Relative to many boats a kayak is small, unstable, and rather slow. In a lot of ways these attributes can make kayaks unsafe. To a larger degree than most boats the safety of the person on the boat is dependent on the skill and judgement of the paddler. Where some boats will keep their passengers alive despite the errors and faults of the passenger, a kayak does little to overcome the failings of the paddler. While it is possible to design boats that are inherently safer, and there are things that you can do to make a kayak as safe as possible, trying to make a kayak that you would call truly safe would result in a boat that is no longer truly a kayak.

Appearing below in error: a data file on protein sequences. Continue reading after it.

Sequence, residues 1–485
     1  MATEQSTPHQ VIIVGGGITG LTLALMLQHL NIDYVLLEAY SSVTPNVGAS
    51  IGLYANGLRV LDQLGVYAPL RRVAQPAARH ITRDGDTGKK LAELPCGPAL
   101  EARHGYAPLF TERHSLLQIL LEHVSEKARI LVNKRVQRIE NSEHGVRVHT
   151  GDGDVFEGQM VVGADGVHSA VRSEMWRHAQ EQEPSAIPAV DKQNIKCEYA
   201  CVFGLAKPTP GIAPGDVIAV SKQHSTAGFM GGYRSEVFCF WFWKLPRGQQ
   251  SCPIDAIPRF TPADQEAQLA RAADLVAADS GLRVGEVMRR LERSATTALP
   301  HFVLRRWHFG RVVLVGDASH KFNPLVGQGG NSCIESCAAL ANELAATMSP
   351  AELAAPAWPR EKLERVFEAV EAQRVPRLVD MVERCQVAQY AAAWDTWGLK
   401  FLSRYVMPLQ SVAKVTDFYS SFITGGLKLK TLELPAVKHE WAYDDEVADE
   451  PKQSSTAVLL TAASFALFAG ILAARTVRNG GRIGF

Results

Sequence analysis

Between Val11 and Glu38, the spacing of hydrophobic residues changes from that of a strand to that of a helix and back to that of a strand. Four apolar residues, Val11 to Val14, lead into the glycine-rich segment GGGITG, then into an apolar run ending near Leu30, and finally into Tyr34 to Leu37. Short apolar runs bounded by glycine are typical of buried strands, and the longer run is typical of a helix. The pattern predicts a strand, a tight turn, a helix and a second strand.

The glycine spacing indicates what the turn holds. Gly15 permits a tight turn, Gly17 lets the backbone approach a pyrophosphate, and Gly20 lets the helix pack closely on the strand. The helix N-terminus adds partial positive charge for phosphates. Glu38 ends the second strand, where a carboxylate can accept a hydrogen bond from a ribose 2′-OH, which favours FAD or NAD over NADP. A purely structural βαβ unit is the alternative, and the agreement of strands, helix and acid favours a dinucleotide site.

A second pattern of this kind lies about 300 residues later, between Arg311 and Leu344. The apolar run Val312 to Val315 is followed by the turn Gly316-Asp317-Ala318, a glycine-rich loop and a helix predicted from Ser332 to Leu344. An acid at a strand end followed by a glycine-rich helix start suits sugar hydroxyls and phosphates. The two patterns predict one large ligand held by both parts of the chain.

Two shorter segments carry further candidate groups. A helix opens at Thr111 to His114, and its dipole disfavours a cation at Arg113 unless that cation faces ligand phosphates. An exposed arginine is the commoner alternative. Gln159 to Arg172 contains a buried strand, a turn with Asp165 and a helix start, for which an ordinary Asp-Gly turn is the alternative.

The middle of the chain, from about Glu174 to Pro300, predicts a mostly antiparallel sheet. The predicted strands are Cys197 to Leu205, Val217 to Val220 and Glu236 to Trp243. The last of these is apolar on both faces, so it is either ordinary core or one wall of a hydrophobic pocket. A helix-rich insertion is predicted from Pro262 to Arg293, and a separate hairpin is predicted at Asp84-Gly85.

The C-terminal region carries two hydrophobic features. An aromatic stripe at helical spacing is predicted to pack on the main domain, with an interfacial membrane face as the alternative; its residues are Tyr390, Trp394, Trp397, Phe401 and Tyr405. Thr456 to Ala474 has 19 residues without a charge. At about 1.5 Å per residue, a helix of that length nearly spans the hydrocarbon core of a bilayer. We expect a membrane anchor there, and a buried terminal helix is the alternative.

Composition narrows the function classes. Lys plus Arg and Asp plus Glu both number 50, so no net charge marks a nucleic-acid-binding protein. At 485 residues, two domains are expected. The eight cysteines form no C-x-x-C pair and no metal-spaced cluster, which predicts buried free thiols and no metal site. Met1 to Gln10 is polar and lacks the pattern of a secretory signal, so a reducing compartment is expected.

The first line of defense for any boat user is sound judgement. This means only going out on the water when your abilities are up to the challenge, and avoiding situations on the water that will put you at risk unnecessarily. Good gear is useful, sound paddling skills can help, but there is no substitute for good common sense. Before you put on the water look at the weather forecast, feel the water, consider where you are going and stop to think about what the consequences of a mistake or problem may be. Even the most skilled, best equipped and knowledgeable kayakers can make mistakes or get caught by surprise. An unexpected front may blow in, they may duck under a branch and capsize, or their paddle may break. If you stop to consider some of the risks and have plans for how you will deal with almost any problem that comes along.